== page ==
The World Health Organisation estimates that by 2030 there will be approximately 350 million people with type 2 diabetes. Associated with renal complications, heart disease, stroke and peripheral vascular disease, early identification of patients with undiagnosed type 2 diabetes or those at an increased risk of developing type 2 diabetes is an important challenge. We sought to systematically review and critically assess the conduct and reporting of methods used to develop risk prediction models for predicting the risk of having undiagnosed (prevalent) or future risk of developing (incident) type 2 diabetes in adults.
We conducted a systematic search of PubMed and EMBASE databases to identify studies published before May 2011 that describe the development of models combining two or more variables to predict the risk of prevalent or incident type 2 diabetes. We extracted key information that describes aspects of developing a prediction model including study design, sample size and number of events, outcome definition, risk predictor selection and coding, missing data, model-building strategies and aspects of performance.
Thirty-nine studies comprising 43 risk prediction models were included. Seventeen studies (44%) reported the development of models to predict incident type 2 diabetes, whilst 15 studies (38%) described the derivation of models to predict prevalent type 2 diabetes. In nine studies (23%), the number of events per variable was less than ten, whilst in fourteen studies there was insufficient information reported for this measure to be calculated. The number of candidate risk predictors ranged from four to sixty-four, and in seven studies it was unclear how many risk predictors were considered. A method, not recommended to select risk predictors for inclusion in the multivariate model, using statistical significance from univariate screening was carried out in eight studies (21%), whilst the selection procedure was unclear in ten studies (26%). Twenty-one risk prediction models (49%) were developed by categorising all continuous risk predictors. The treatment and handling of missing data were not reported in 16 studies (41%).
We found widespread use of poor methods that could jeopardise model development, including univariate pre-screening of variables, categorisation of continuous risk predictors and poor handling of missing data. The use of poor methods affects the reliability of the prediction model and ultimately compromises the accuracy of the probability estimates of having undiagnosed type 2 diabetes or the predicted risk of developing type 2 diabetes. In addition, many studies were characterised by a generally poor level of reporting, with many key details to objectively judge the usefulness of the models often omitted.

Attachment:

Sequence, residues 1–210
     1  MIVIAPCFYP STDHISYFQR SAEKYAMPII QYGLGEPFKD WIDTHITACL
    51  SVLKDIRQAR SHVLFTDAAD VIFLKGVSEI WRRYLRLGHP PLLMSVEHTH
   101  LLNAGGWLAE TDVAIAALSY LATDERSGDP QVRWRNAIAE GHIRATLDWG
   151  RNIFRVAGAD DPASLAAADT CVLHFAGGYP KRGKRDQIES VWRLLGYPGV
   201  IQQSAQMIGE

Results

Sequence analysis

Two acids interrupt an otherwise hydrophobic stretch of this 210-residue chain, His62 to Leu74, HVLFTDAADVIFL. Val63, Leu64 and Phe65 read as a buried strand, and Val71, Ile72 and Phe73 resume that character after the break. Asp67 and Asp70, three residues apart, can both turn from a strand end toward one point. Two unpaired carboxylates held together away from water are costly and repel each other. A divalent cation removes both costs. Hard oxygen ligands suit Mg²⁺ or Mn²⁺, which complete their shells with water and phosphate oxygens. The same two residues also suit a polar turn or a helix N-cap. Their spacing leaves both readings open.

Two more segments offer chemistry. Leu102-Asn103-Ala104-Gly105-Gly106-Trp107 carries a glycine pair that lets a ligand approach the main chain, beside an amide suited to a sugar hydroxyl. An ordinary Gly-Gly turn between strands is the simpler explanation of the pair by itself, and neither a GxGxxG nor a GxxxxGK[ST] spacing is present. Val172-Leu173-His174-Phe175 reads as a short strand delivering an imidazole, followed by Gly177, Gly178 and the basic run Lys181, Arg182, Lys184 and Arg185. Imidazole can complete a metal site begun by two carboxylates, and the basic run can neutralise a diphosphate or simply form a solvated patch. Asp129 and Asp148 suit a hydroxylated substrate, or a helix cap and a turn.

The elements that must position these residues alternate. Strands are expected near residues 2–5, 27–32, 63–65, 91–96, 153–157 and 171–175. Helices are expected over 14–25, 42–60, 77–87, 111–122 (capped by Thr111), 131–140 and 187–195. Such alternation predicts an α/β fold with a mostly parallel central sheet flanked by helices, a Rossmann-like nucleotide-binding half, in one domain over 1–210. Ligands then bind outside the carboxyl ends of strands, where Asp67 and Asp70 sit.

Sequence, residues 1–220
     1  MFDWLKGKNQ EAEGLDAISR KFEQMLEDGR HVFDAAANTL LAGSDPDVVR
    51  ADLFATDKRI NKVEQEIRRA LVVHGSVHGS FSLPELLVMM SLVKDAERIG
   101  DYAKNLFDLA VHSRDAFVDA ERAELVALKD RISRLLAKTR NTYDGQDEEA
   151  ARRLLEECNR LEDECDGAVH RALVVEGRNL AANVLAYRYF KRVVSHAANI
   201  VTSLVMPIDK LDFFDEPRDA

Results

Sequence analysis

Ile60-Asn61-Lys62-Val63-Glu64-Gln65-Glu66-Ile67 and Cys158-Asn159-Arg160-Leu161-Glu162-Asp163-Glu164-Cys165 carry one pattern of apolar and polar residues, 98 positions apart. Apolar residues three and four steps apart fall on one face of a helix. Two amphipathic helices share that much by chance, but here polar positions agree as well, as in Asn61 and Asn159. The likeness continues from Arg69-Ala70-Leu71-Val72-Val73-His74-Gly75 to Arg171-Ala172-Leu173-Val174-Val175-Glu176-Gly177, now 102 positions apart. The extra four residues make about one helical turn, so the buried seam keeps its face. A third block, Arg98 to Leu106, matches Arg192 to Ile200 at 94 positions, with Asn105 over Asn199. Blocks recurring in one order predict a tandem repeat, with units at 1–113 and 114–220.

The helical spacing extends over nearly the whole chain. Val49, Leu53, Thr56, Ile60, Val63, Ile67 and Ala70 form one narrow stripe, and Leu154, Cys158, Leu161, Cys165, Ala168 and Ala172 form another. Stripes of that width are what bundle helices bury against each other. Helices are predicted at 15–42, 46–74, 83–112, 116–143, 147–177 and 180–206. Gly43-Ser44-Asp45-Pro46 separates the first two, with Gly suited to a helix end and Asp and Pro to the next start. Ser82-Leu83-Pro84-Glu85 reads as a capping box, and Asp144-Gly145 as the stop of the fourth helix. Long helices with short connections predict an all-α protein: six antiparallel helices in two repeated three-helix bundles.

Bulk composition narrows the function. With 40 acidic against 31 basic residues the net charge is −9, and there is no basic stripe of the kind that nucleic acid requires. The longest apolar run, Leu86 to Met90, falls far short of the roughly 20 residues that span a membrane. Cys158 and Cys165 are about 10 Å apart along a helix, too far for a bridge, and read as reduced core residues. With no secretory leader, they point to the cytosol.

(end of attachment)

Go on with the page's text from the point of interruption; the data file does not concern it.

Background & Aims
Liver disease is a major cause of morbidity and mortality among HIV-infected persons. We evaluated the prevalence, etiology, and factors associated with liver dysfunction in patients during the highly active antiretroviral therapy (HAART) era.
We performed tests for liver function (baseline and after a 6-month follow-up period) in HIV-infected patients treated at a large clinic. Comprehensive laboratory and ultrasound analyses were performed. Factors associated with liver test abnormalities were assessed using multivariate logistic regression models.
Eighty of 299 HIV-positive patients (27%) had abnormal liver test results during the 6-month study period. The majority of abnormalities were grade 1. Of those with liver test abnormalities, the most common diagnosis was nonalcoholic fatty liver disease (NAFLD, 30%), followed by excessive alcohol use (13%), chronic hepatitis B (9%), chronic active hepatitis C (5%), and other (hemochromatosis and autoimmune hepatitis, 2%); 8 participants (10%) had more than 1 diagnosis. In total, 39 HIV patients with abnormal liver tests (49%) had a defined underlying liver disease. Despite laboratory tests and ultrasound examination, 41 abnormal liver test results (51%) were unexplained. Multivariate analyses of this group found that increased total cholesterol levels (odds ratio 1.6 per 40 mg/dl increase, p=0.01) were associated with liver abnormalities.
Liver test abnormalities are common among HIV patients during the HAART era. The most common diagnosis was NAFLD. Despite laboratory and radiologic investigations into the cause of liver dysfunction, 51% were unexplained, but might be related to unrecognized fatty liver disease.
HIV; liver test abnormalities; liver disease; NAFLD; antiretroviral medications
Objective To evaluate the performance of the QFractureScores for predicting the 10 year risk of osteoporotic and hip fractures in an independent UK cohort of patients from general practice records.
Design Prospective cohort study.
Setting 364 UK general practices contributing to The Health Improvement Network (THIN) database.
Participants 2.2 million adults registered with a general practice between 27 June 1994 and 30 June 2008, aged 30-85 (13 million person years), with 25 208 osteoporotic fractures and 12 188 hip fractures.